Business & Economy

Thursday, 06 June 2019 17:20

Training at forefront as AI fails to fill underwriting needs

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Training at forefront as AI fails to fill underwriting needs

Training at forefront as AI fails to fill underwriting needs In the 1980s, when first underwriting computer programs were developed, the insurance industry saw this as the end of the need to train underwriters. Decades on, the industry and the Insurance Sector Education and Training Authority (INSETA) have recognised that the ‘human touch’ is still very much needed in the position of underwriter, despite great strides in digitisation.

This makes the establishment of INSETA’s formal Occupational Certificate: Insurance Agent (Insurance Underwriter) qualification so valuable, as experts agree. “We have discovered that certain ‘standard’ elements can be done via computer but the information we get from individuals varies so much that the narrative cannot be underwritten solely by a machine.

Underwriters assess the particular risk based on the individual’s history,” explains Dianne Steyn, life underwriter at Bright Rock Insurance. She, and others in the insurance sector, believes it is a myth that underwriters will not be required in the future. While certain components of underwriting can be and have been automated, there are clients who do not conform to the ‘standard elements’ and require individual consideration, which is where the understanding of detailed industry data comes into play.

It is acknowledged that underwriters need to have a broad knowledge on a range of subjects. “An underwriter is part actuary, part accountant, part lawyer, part medical doctor,” continues Steyn.

“Underwriters must take into account the current laws, ownership of a policy and assessment of financial evidence, amongst other things.” Duane Hoffeldt, chief underwriter of Munich Re of Africa, agrees, “Underwriters have a wealth of knowledge about highly specialised areas but until now there has been no formal qualification that can be written to allow the occupation to be recognised.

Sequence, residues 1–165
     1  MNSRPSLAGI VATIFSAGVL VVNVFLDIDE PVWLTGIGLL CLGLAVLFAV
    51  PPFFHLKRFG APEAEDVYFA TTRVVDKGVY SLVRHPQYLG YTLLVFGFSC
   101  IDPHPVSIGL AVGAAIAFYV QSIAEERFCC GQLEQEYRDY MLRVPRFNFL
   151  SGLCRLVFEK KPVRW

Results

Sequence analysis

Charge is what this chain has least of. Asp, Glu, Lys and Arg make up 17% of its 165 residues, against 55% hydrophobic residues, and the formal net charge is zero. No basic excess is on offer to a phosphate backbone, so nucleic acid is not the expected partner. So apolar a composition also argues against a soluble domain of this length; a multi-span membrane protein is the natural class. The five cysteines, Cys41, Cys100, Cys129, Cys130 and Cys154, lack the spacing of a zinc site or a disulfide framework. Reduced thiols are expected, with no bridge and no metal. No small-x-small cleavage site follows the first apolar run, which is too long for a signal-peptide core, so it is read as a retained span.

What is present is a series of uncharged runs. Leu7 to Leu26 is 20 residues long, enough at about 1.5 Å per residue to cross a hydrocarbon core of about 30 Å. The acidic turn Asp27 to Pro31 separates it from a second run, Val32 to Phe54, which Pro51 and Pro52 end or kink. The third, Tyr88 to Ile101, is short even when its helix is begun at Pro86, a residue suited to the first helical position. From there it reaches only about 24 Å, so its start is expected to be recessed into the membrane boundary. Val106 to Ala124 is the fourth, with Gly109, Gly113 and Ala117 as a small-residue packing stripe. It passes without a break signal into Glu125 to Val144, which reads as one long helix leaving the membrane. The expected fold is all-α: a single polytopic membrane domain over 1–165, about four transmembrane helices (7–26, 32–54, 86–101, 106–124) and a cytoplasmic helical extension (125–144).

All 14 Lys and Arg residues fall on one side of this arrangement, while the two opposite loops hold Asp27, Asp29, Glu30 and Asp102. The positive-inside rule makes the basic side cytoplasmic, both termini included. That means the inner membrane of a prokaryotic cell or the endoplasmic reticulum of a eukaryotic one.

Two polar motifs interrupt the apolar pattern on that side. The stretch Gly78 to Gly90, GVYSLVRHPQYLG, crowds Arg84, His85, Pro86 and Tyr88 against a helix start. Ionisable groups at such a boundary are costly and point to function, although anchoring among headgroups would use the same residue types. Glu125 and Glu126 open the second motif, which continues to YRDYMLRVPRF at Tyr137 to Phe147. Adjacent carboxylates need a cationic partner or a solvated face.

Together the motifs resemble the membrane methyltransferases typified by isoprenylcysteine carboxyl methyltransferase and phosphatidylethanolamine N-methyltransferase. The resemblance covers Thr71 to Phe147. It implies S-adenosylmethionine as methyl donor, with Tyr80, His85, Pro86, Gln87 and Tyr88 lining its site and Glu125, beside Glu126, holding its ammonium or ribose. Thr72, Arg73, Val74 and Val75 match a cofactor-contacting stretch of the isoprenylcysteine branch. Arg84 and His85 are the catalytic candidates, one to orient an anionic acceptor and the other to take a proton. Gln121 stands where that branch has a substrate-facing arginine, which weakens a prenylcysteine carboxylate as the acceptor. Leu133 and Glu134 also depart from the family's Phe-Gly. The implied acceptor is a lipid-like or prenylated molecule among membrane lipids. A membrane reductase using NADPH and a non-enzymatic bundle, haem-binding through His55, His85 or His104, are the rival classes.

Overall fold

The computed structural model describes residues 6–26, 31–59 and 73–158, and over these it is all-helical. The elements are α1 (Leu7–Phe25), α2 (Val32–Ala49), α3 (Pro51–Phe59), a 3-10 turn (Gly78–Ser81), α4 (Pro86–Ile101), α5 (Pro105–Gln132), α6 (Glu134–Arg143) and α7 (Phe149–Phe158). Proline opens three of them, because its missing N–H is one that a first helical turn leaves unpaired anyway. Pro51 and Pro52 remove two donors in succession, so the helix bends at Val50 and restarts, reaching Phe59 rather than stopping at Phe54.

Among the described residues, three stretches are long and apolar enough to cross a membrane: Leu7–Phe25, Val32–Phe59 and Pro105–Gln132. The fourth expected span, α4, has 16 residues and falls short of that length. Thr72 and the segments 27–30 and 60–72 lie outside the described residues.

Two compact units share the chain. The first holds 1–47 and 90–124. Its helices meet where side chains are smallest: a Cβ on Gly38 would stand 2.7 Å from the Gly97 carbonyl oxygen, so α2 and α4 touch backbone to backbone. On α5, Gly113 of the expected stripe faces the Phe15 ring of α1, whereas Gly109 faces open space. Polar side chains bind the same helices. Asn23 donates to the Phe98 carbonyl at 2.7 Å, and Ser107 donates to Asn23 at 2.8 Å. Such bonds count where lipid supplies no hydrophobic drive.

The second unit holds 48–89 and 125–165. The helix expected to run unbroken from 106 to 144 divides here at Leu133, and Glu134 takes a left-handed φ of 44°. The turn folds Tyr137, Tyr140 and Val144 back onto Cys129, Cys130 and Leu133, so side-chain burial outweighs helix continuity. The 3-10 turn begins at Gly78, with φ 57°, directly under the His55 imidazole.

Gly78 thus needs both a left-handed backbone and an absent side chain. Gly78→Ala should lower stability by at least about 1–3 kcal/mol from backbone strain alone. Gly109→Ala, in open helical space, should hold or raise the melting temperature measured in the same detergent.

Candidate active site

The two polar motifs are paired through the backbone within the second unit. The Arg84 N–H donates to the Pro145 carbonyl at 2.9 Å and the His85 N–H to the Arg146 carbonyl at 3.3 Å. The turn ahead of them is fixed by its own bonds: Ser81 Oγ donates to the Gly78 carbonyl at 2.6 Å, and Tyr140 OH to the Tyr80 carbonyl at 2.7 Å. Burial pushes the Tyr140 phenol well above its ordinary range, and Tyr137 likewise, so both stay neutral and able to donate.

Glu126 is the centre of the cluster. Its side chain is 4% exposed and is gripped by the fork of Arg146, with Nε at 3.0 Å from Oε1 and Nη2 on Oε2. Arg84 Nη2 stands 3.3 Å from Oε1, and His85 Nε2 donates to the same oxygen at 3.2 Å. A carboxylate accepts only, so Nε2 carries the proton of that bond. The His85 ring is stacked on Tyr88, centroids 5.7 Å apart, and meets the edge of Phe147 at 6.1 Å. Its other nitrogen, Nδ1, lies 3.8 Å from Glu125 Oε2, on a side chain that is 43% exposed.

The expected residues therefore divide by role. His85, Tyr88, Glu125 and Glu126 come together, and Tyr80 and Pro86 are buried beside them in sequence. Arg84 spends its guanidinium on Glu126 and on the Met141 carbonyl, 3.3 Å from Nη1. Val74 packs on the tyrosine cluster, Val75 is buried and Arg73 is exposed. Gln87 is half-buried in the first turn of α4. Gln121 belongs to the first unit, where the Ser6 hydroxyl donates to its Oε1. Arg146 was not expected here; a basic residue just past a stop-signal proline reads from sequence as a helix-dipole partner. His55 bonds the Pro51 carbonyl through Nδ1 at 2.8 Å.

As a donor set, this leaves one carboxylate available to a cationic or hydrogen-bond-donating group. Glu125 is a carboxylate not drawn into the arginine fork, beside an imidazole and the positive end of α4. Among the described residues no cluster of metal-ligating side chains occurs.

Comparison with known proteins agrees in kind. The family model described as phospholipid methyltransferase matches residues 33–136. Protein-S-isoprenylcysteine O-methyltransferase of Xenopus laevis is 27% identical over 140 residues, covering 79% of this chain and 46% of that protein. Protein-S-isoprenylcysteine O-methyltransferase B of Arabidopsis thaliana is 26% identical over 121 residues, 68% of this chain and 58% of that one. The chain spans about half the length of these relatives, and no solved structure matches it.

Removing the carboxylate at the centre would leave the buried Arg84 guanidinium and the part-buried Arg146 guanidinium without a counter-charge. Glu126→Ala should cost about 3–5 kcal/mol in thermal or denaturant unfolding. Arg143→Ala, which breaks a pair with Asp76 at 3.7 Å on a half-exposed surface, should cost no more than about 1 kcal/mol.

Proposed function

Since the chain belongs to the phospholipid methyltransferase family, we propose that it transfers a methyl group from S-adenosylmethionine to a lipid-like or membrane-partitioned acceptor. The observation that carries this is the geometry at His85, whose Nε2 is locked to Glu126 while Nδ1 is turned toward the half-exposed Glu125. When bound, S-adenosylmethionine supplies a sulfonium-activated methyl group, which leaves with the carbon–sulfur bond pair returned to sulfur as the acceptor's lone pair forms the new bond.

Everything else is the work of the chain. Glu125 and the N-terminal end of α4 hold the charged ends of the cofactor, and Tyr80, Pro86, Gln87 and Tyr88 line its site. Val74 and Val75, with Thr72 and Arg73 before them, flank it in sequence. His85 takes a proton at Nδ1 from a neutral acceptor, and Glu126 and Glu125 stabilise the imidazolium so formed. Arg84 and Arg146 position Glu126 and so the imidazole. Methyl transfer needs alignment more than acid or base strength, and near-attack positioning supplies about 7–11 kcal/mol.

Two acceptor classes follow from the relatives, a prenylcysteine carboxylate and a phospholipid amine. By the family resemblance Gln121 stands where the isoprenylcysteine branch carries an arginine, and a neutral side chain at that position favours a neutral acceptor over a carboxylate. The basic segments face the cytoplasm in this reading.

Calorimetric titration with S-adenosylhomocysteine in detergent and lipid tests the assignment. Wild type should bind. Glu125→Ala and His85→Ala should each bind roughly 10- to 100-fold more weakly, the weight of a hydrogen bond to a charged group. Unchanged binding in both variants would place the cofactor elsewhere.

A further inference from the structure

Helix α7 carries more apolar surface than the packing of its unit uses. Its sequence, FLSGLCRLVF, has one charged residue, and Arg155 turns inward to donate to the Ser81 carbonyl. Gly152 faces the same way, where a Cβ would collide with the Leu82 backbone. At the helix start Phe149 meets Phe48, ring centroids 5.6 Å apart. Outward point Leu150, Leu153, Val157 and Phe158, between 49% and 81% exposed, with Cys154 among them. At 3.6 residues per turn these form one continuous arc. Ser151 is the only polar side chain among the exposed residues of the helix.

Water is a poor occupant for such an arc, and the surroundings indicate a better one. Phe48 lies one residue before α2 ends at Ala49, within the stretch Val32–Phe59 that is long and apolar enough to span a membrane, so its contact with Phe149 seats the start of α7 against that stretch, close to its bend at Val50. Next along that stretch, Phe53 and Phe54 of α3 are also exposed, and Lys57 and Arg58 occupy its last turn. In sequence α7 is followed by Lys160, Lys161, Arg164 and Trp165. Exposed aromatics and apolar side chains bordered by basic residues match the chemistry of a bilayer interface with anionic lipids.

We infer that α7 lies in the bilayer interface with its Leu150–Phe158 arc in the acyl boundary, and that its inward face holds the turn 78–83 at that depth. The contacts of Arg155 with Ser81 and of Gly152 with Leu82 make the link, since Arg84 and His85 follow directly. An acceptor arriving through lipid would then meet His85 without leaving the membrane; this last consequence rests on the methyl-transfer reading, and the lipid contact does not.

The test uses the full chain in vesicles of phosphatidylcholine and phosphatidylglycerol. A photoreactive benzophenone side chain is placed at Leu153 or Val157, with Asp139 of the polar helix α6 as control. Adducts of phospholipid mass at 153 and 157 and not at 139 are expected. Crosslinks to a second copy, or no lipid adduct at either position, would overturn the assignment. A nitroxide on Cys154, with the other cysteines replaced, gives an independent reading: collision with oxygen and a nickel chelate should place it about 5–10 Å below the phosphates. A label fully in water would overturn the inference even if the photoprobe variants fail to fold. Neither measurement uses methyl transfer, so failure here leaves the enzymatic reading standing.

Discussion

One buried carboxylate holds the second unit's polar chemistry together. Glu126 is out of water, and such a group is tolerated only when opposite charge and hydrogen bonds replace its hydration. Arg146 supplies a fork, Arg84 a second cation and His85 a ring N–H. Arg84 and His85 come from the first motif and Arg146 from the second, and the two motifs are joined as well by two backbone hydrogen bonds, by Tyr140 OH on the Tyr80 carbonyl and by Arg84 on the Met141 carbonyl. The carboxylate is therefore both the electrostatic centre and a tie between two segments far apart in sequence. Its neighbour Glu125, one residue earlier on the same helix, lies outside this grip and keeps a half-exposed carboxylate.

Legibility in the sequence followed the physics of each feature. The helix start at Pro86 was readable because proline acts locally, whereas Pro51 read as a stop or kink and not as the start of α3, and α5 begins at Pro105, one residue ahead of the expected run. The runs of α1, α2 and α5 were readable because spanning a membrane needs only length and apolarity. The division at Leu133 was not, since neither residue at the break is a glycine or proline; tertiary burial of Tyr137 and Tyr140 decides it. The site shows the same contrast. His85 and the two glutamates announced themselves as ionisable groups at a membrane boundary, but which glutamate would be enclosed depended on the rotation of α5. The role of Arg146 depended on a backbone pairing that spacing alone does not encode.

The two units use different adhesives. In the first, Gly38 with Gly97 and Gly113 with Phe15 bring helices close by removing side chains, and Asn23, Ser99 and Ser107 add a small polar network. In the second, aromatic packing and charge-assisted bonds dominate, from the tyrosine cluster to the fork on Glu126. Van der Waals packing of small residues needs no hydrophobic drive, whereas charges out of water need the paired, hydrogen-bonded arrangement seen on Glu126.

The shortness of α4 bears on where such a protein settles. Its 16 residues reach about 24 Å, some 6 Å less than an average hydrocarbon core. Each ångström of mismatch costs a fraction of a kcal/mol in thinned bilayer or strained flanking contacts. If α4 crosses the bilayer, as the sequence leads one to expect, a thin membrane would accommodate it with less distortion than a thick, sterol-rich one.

Which is why what INSETA is offering is critical. It essentially puts a value to the experience and the knowledge that an underwriter has.” The INSETA qualification prepares candidates to evaluate and interpret information to protect stakeholders’ interests, by using specialist technical knowledge to determine price, manage and transfer risk.

The 18-month course is divided into face-to-face lectures, to provide the knowledge component, assignments that speak to the practical application of the knowledge to the industry and each person’s workplace experience, created as an individual Portfolio of Evidence.

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About INSETA
INSETA’s purpose is to grow the pool and quality of scarce and critical skills in the insurance sector, enhance the sector and support the country’s transformation with a skilled and capable insurance and related services workforce. The insurance sector has approximately 9 104 employers, employing over 100 000 people, most of whom are skilled and highly skilled employees. INSETA works with industry stakeholders to develop and review qualifications and unit standards through INSQA-directed projects allowing the sector to receive access to SAQA NQF registered qualifications. ETQA facilitates a seamless relationship between learner, assessor and moderators, and providers, ensuring that relevant, nationally and internationally benchmarked education is provided.

For INSETA Stanley Matende │EQTA Monitoring Specialist │ ETQA Division Tel: 011 381 8900 www.inseta.org.za

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